Being John Malkovich
Directed by Spike Jonze
Review by Matt Heffernan
This year, as with every year, there have been many comedies released through Hollywood and other sources. None of them so far have been truly great, even the best ones falling shy of their potential. Some great films, like American Beauty and The Blair Witch Project, had very funny parts, but could not be fully classified as comedies. A new voice, music video director and Three Kings co-star Spike Jonze, has created an undeniably great comedy with an astounding vision. It's about time.
Puppeteer Craig Schwartz (John Cusack) is having trouble making his artform pay off, and is persuaded by his wife, Lotte (Cameron Diaz), to get a regular job. He finds an ad in the paper for Lestercorp, who needs people with nimble fingers to do mass filing. He ends up in a surreal world that occupies the 7 1/2 floor of an old building. He is hired by the eccentric Dr. Lester (Orson Bean), who likes the low ceiling because it reduces overhead. In case things weren't weird enough, he finds a little door behind one of the filing cabinets in his office. There is a tunnel behind it, which is a portal that sucks him into the mind of John Malkovich. After experiencing all the sensations of the actor for about 15 minutes, he is dumped on the side of the New Jersey Turnpike.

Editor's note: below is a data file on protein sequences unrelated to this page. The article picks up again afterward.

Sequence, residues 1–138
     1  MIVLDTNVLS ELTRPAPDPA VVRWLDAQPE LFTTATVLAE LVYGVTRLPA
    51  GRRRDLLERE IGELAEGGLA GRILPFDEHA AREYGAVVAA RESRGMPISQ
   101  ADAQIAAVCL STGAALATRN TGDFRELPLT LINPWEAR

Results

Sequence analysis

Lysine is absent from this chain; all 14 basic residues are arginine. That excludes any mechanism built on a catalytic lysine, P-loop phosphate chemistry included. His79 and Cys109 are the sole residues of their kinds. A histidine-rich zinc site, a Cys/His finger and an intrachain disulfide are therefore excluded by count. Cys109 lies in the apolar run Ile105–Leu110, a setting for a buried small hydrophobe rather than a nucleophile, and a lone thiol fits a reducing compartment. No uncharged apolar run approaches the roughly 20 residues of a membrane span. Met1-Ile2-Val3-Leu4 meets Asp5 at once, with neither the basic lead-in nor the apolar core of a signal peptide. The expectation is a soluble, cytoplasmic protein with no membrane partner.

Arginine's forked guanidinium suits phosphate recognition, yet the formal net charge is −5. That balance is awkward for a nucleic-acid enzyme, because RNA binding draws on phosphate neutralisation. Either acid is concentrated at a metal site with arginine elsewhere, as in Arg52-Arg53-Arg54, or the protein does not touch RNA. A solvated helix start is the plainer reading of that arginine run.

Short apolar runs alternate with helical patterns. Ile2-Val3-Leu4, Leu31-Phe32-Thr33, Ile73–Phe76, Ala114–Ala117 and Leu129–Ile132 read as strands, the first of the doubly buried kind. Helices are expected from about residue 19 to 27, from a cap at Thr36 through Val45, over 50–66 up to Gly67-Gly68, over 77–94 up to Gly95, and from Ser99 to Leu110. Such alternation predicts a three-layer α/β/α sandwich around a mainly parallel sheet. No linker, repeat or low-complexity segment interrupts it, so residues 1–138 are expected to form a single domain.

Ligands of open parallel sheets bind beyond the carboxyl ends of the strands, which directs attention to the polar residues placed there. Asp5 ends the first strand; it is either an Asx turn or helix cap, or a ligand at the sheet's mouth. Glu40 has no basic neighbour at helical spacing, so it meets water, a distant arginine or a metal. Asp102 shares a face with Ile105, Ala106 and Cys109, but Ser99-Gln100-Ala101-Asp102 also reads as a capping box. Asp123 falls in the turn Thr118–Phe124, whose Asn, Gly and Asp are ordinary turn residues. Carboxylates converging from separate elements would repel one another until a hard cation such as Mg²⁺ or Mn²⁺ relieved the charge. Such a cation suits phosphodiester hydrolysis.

He shares this with Maxine (Catherine Keener), a sexy woman who works in another office on the diminutive floor. She starts a business with him in which they charge people $200 for the experience of being John Malkovich. Some interesting complications ensue, but I don't want to get into them. Suffice it to say that they are incredibly bizarre and funny, and to give them away would spoil the film.
I have no reservations about calling Being John Malkovich the best comedy of the year. No other film in 1999 has made the whole audience (myself included) laugh so hard and consistently throughout. I could probably go on record to say that no other film will come out in the next two months to top it. The direction of Jonze and the writing of Charlie Kaufman (his debut, as well) combine brilliantly to create a surreal world that would make Lewis Carroll proud.
I must admit that I have an obsession with Carroll myself (my homepage is slithy.com, named in honor of his poem "Jabberwocky"). His books about Alice's adventures have inspired surrealists well outside the domain of children's literature. When a film such as this invites comparison to his work, and succeeds at this level, I am quite overjoyed. If you are open to a distorted view of reality (some people aren't, it's nothing to be ashamed of), you absolutely must see this film, and support independent filmmakers who are not afraid to be blindingly original.
If I had to say one thing against this film, it would be the oddly numerous shots in which the boom microphone is visible. This leaves me to come to one of two conclusions: either most of the film was shot in one take, and they didn't bother to reshoot after getting into the cutting room, or Jonze is sick enough to do it on purpose. There are at least four or five shots where you can see it. Whatever the reason, it will remain just one of the many idiosyncrasies of what is one of the best comedies ever made.
For more information, go to the Internet Movie Database:
Being John Malkovich (1999)
Video Pick of the Week
Guide to Star Ratings
Review © 1999 Matt Heffernan